Lausanne, Switzerland — Russia will miss next year's Tokyo Olympics and the 2022 Beijing Winter Games after the World Anti-Doping Agency on Monday banned the powerhouse from global sporting events for four years over.
WADA's executive committee, meeting in Lausanne, decided that Russia be handed the four-year suspension after accusing Moscow of falsifying laboratory doping data handed over to investigators earlier this year.
Not only will Russia be ruled out of the next Olympic cycle, but Russian government officials will be barred from attending any major events, while the country will lose the right to host, or even bid, for tournaments.
"WADA's executive committee approved unanimously to assert a non-compliance on the Russian anti-doping agency for a period of four years," WADA spokesman James Fitzgerald said.
Under the sanctions, Russian sportsmen and women will still be allowed to compete at the Olympics next year but only if they can demonstrate that they were not part of what WADA believes was a state-sponsored system of doping.
"They are going to have prove they had nothing to do with the non-compliance, (that) they were not involved in the doping schemes as described by the McLaren report, or they did not have their samples affected by the manipulation," Fitzgerald said.
The independent report by Richard McLaren, released in 2016, revealed the significant extent of state-sponsored doping in Russia, notably between 2011 and 2015.
It led to the Russian Anti-Doping Agency (RUSADA) being suspended for nearly three years previously over revelations of a vast state-supported doping programme.
Full disclosure of data from the Moscow laboratory was a key condition of Russia's controversial reinstatement by WADA in September 2018.
"An attack on sport"
The WADA decision was widely predicted, with the body's president, Craig Reedie, having made a presentation Saturday to the Olympic Summit, participants of which "strongly condemned those responsible for the manipulation of the data from the Moscow laboratory."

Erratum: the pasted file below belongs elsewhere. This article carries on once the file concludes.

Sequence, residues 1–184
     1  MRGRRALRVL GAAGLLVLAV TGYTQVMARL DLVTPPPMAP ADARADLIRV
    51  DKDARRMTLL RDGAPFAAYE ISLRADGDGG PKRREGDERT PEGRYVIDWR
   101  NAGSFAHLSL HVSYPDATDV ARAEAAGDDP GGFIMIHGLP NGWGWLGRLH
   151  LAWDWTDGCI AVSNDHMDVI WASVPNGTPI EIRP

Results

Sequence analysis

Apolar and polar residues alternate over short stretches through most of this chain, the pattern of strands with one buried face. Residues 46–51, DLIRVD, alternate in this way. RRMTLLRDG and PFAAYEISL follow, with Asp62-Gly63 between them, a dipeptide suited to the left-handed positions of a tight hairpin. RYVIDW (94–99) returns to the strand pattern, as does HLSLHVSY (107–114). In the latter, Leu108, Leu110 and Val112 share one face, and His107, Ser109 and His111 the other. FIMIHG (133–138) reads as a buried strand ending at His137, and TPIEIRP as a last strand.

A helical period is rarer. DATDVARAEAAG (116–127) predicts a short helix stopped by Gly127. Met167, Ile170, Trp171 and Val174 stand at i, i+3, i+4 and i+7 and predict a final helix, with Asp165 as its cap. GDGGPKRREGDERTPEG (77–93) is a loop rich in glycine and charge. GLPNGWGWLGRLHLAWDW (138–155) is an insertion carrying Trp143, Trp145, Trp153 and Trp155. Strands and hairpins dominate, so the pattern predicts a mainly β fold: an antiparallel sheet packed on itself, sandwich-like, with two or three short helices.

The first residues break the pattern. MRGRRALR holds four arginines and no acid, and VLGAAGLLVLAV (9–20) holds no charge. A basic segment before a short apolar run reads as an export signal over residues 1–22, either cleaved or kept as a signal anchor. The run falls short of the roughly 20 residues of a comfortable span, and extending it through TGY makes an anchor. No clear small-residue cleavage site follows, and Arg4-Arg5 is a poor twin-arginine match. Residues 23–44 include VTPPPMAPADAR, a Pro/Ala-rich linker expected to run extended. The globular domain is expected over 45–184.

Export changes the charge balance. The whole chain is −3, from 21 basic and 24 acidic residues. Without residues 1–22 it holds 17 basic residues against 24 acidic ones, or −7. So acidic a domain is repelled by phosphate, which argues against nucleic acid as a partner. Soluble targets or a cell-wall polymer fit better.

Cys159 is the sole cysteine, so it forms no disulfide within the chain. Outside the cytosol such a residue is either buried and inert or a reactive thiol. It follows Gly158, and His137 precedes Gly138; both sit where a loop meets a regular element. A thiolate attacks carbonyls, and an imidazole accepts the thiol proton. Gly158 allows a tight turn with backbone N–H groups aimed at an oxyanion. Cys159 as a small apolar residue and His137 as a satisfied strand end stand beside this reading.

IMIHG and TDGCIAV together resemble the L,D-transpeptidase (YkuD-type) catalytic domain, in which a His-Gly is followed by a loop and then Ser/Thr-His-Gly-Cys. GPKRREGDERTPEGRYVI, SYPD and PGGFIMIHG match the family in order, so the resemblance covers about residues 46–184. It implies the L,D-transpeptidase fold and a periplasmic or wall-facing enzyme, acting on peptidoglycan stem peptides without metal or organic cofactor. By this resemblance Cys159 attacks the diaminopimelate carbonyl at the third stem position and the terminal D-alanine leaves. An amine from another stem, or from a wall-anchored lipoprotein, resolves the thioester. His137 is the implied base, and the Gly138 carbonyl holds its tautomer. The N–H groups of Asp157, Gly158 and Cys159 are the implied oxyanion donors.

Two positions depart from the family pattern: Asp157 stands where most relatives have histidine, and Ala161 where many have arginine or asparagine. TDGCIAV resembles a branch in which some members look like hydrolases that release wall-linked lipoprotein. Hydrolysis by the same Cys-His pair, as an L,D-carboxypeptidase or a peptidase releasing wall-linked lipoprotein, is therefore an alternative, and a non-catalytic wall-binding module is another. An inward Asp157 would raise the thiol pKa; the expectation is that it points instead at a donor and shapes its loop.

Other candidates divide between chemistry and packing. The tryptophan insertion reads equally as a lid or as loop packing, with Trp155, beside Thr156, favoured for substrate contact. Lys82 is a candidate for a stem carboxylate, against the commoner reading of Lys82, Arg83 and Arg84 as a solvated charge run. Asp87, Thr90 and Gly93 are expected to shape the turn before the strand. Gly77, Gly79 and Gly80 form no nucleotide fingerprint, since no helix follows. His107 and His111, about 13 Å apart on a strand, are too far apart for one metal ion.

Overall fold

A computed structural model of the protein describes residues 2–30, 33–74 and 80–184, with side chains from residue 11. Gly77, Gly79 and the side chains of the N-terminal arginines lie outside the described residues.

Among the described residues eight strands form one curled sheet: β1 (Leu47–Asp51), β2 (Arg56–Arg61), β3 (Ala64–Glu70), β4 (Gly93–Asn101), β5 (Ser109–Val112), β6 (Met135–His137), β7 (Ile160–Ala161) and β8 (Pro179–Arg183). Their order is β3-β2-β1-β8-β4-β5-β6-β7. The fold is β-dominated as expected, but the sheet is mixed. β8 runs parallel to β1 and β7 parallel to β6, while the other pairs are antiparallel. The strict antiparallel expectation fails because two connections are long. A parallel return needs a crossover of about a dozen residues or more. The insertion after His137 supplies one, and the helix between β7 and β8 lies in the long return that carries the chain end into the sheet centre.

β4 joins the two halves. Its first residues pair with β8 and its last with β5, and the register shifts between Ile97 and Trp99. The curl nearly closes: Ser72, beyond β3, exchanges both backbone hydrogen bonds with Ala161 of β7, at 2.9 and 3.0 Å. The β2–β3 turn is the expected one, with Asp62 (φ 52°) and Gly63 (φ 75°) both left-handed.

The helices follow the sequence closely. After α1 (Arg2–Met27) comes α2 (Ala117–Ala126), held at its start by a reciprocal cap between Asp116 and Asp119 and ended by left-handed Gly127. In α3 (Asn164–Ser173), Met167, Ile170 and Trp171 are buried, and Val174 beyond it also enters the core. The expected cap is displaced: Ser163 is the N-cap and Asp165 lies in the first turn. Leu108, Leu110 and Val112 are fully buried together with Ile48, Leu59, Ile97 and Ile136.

"It was agreed that this was an attack on sport and that these actions should lead to the toughest sanctions against those responsible," the IOC said in a statement.
"It was stressed by the participants that full justice must be finally done so that the guilty ones can be properly punished and the innocent ones are fully protected."
The IOC (International Olympic Committee) asked that the Russian authorities deliver the "fully authenticated raw data."
A majority of WADA's influential athlete committee had called overnight for a "complete ban on Russian participation," with nine members of the 17-strong group saying such a move was "the only meaningful sanction."
"We maintain that the fraud, manipulation and deception revealed to date will only be encouraged and perpetuated with a lesser response," they said.
Russian Prime Minister Dmitry Medvedev said the ban against his country was the result of "anti-Russian hysteria" and should be appealed. "This is the continuation of this anti-Russian hysteria that has already become chronic," Medvedev was quoted as saying by local news agencies.
The head of Russia's anti-doping agency said his country had "no chance" of winning an appeal against the ban, which he called a tragedy for clean athletes.
"There is no chance of winning this case in court," RUSADA chief Yury Ganus told AFP.
RUSADA's supervisory board was set to meet on December 19 to take a decision on whether to appeal the ban, he said. "This is a tragedy," he said. "Clean athletes are seeing their rights limited."
Ganus said that some Russian athletes were contemplating leaving Russia so that they could train elsewhere. He described the sentiments among athletes as "awful," stressing that four years for a sportsman is a long time.